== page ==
In a televised speech Wednesday, the governor said he is still keeping bars, restaurants, gyms and salons closed, though his administration is developing plans for those businesses to reopen by June 1.
The expiration of Minnesota’s stay-at-home order does not end many restrictions on public gatherings, including a ban on large in-person religious services and eating at restaurants.
Under his state of emergency powers declared in response to the coronavirus pandemic, Minnesota Gov. Tim Walz could potentially order the state to move to an all vote-by-mail election.
A plan to expand the number of contact tracers tracking coronavirus cases in Minnesota has become a flashpoint in the increasingly partisan debate over Minnesota’s response to the pandemic.
The bill requires pharmaceutical companies to report to the state when pricing for certain prescription drugs exceeds increases outlined in the bill. The bill also requires the Minnesota Department of Health to post the information on a public website.
The Minnesota Department of Health also announced Friday another 26 Minnesotans have died of COVID-19, bringing the total number of deaths in the state to 534.
Mask-wearing at the statehouse has become a partisan preference, with DFLers far more likely to wear face coverings than Republicans.
The main provision of the bill expands the voluntary use of no-excuse absentee voting in a year when — due to fears over COVID-19 — the staffing of regular polling is expected to be difficult.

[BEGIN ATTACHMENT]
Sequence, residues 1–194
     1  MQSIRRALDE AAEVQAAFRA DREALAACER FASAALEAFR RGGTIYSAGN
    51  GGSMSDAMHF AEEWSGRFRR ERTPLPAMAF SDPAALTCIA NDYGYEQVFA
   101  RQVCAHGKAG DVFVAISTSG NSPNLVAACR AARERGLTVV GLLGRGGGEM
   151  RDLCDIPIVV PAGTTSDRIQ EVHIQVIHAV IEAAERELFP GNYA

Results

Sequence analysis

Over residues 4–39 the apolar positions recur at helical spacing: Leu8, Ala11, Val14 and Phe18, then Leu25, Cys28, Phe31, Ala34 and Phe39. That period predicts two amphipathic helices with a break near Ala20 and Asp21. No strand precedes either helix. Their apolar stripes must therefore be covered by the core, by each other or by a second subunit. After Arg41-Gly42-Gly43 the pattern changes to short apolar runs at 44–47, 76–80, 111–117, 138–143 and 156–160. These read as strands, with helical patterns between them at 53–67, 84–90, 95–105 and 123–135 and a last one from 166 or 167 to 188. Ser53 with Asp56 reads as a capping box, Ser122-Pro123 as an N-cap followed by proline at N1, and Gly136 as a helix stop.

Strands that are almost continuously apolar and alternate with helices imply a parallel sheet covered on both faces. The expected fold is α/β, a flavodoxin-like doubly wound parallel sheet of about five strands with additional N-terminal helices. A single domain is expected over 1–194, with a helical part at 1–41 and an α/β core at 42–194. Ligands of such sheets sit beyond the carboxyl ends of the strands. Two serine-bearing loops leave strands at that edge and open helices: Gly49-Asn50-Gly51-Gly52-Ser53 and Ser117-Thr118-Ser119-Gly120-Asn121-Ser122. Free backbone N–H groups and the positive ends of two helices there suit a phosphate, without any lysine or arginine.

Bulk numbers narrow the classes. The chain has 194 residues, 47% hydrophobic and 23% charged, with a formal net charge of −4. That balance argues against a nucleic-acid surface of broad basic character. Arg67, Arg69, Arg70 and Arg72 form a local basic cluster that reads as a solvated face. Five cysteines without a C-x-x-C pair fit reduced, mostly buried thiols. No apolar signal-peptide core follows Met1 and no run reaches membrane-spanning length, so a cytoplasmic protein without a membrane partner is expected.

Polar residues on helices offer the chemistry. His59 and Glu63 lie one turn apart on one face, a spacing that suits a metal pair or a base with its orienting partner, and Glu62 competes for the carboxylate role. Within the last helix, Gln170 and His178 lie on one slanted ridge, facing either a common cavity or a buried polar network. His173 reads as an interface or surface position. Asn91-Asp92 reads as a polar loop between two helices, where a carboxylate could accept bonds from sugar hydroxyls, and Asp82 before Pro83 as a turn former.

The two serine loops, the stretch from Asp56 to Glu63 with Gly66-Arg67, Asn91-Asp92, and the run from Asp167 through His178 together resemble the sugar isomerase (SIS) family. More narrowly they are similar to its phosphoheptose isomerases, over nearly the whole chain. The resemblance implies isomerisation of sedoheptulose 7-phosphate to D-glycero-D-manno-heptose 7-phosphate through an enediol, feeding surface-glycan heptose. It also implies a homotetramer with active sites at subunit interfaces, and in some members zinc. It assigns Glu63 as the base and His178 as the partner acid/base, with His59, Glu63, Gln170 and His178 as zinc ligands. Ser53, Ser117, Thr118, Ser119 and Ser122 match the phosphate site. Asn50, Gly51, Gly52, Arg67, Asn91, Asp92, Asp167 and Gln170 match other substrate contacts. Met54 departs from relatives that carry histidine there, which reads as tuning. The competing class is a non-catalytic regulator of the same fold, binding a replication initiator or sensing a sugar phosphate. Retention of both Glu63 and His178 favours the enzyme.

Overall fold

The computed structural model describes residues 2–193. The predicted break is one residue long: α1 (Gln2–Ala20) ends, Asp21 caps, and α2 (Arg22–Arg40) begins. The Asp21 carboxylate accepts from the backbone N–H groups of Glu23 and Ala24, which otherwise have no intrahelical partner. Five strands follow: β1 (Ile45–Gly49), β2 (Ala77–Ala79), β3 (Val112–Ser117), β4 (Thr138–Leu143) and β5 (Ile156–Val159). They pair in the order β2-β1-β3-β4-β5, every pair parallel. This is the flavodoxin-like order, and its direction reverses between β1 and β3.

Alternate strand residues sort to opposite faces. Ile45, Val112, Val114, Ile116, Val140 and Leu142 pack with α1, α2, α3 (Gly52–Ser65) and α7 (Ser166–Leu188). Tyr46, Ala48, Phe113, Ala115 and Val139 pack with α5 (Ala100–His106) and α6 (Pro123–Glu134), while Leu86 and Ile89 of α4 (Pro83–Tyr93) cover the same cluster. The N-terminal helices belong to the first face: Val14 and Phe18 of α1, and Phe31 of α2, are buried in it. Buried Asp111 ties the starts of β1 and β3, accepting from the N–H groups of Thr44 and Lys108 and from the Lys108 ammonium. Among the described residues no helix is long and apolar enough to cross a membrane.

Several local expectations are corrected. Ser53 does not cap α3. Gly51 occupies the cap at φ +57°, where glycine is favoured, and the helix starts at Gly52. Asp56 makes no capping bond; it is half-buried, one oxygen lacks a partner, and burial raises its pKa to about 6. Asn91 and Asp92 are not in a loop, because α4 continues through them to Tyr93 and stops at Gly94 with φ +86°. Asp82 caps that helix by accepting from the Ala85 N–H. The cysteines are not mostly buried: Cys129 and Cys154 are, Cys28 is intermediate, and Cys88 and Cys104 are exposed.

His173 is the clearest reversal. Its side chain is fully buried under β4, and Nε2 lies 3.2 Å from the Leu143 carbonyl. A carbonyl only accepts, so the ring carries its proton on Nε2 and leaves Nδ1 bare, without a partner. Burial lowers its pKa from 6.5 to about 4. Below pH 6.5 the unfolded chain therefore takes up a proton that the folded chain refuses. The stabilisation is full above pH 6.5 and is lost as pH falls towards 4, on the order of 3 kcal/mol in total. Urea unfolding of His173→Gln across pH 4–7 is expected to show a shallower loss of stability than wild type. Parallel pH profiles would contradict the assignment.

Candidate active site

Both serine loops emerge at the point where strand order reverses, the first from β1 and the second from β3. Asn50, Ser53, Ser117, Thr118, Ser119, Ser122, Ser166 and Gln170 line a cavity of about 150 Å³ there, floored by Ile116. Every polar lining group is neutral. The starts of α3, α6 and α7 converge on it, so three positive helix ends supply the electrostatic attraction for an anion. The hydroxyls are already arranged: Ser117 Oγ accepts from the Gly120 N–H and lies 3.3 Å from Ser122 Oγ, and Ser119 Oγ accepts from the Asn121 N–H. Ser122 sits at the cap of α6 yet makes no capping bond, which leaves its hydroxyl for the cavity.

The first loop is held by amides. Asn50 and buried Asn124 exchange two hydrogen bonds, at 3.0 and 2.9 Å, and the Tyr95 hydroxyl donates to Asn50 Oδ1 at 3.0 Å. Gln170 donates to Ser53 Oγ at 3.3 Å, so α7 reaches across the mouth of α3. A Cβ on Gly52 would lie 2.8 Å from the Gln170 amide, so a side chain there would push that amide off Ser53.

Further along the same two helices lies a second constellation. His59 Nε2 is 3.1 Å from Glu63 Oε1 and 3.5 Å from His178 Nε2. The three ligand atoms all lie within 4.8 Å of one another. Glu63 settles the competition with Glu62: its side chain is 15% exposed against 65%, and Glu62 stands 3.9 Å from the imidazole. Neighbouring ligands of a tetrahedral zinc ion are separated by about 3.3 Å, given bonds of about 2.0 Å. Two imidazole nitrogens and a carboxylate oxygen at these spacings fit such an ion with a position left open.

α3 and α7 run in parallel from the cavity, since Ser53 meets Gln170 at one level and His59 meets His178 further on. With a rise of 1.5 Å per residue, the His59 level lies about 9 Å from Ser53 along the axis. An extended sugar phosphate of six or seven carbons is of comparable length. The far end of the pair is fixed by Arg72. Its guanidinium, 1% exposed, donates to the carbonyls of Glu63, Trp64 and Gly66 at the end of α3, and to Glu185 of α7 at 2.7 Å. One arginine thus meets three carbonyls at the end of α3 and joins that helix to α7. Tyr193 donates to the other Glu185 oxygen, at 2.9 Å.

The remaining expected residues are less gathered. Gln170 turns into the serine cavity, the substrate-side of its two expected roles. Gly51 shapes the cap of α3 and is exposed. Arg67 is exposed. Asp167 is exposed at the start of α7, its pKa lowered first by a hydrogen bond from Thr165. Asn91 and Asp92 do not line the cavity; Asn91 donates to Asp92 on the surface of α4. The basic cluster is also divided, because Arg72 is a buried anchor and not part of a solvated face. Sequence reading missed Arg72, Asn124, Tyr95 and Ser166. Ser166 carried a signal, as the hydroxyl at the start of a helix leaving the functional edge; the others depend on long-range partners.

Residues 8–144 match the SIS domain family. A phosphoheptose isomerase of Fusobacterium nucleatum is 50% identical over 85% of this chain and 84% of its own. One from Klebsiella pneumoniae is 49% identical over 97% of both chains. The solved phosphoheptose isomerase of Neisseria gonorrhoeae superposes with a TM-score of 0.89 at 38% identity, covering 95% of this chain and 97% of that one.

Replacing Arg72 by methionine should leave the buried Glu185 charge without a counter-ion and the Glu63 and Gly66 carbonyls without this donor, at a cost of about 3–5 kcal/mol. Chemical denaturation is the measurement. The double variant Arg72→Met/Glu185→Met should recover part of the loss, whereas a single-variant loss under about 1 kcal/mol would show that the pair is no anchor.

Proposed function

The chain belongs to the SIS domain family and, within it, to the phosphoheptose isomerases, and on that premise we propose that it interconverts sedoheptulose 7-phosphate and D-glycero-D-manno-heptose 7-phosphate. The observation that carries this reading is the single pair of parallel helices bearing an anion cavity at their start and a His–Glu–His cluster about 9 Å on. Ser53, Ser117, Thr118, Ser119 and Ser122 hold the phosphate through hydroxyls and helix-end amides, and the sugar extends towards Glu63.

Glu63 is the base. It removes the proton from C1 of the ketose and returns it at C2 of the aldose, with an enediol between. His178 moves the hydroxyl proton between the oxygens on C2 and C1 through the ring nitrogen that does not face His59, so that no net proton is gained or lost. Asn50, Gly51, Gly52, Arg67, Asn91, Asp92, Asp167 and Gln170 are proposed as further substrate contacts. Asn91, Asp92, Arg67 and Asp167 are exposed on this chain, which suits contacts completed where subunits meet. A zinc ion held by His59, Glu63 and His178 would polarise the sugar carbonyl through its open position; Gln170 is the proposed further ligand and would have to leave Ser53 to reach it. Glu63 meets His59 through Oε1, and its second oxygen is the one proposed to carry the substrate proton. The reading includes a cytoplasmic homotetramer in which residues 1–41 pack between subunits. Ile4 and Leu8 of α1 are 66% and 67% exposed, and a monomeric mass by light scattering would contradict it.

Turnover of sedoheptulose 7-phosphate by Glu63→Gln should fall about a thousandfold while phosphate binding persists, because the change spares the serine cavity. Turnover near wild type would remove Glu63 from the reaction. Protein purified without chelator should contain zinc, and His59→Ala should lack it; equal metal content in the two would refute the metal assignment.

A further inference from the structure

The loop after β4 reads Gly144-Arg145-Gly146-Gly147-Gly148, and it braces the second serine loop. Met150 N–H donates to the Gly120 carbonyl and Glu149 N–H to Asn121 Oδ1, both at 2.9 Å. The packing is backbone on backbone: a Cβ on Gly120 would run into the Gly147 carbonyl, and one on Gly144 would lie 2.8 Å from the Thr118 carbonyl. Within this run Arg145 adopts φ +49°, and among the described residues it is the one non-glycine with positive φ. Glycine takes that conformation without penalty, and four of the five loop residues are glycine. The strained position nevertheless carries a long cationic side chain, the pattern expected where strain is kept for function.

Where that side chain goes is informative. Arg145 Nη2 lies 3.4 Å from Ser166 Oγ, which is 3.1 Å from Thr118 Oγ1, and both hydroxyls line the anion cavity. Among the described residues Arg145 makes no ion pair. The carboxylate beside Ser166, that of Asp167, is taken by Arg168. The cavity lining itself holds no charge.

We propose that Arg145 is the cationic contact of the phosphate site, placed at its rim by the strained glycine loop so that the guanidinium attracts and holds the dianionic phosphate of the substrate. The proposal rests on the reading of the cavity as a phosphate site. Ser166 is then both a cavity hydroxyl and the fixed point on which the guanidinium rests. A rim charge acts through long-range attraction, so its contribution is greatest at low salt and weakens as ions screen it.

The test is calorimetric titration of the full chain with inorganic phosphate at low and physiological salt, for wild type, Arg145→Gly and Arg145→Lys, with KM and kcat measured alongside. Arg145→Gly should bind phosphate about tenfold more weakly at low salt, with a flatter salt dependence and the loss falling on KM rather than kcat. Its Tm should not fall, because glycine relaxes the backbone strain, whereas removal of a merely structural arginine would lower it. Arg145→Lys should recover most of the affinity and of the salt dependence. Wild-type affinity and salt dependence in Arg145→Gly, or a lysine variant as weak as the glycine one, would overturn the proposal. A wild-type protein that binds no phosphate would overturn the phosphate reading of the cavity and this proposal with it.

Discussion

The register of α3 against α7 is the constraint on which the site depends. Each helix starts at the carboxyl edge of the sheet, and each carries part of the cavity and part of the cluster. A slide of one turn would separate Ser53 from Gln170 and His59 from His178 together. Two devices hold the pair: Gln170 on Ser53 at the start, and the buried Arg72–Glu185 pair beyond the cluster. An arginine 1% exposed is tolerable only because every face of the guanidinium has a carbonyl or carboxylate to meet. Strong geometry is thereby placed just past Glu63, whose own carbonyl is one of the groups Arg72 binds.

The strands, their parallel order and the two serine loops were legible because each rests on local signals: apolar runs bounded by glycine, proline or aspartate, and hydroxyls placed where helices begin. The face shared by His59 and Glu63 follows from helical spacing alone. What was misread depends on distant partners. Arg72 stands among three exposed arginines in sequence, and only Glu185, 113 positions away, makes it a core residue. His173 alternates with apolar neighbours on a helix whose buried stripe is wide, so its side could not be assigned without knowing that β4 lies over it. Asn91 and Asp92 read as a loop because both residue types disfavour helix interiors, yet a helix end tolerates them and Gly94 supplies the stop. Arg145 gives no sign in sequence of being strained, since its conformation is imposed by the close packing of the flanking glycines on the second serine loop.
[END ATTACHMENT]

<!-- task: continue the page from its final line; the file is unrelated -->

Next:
Minnesota’s Department of Health wants to hire as many as 4,000 contact tracers as part of a massive effort to identify and isolate those who have COVID-19 — and those who’ve been in contact with the infected.
The Minnesota Department of Health also said Wednesday there have been 8,579 total confirmed cases of COVID-19 in Minnesota, up 728 from Tuesday’s count.
The emergency budget forecast — based on skimpy data and educated guesses on what the fallout from COVID-19 is doing to state finances — was released Tuesday by Minnesota’s office of Management and Budget and projects a $2.42 billion shortfall.
The Minnesota Department of Health also reported another 617 confirmed cases of COVID-19, for a total of 7,851 in the state.
What the end — at least when it comes to this year’s session of the Minnesota Legislature — looks like.
Of the 28 deaths reported Friday, 24 were residents of long-term care. So far, 80 percent of those who have died of COVID-19 in Minnesota were living in long-term care.
A confrontation between Republicans and DFLers at the Minnesota Legislature over contracts for almost 47,000 state workers not only puts a scheduled July 1 raise at risk, it could lead to pay cuts for affected employees.
While most of the limits on public life will remain, the governor said nonessential retail businesses can start offering curbside pickup and delivery services for customers.
Those who run some of Minnesota’s largest job-training nonprofits are urging the state to invest in programs to help those who had already been on the margins of the economy. If it doesn’t, they warn, Minnesota could face even worse joblessness among people who can least afford it.
MDH said Wednesday there have been 4,644 total confirmed cases of COVID-19 in Minnesota, up 463 from Tuesday.
U.S. Rep. Collin Peterson, a Democrat from Minnesota’s 7th Congressional District who chairs the House’s Agriculture Committee, said a task force that includes plant management and union representatives will convene to decide how best to restart operation.
Top DFL officials worry the call for a rent strike will endanger the ability to win a significant rental assistance package from the Legislature.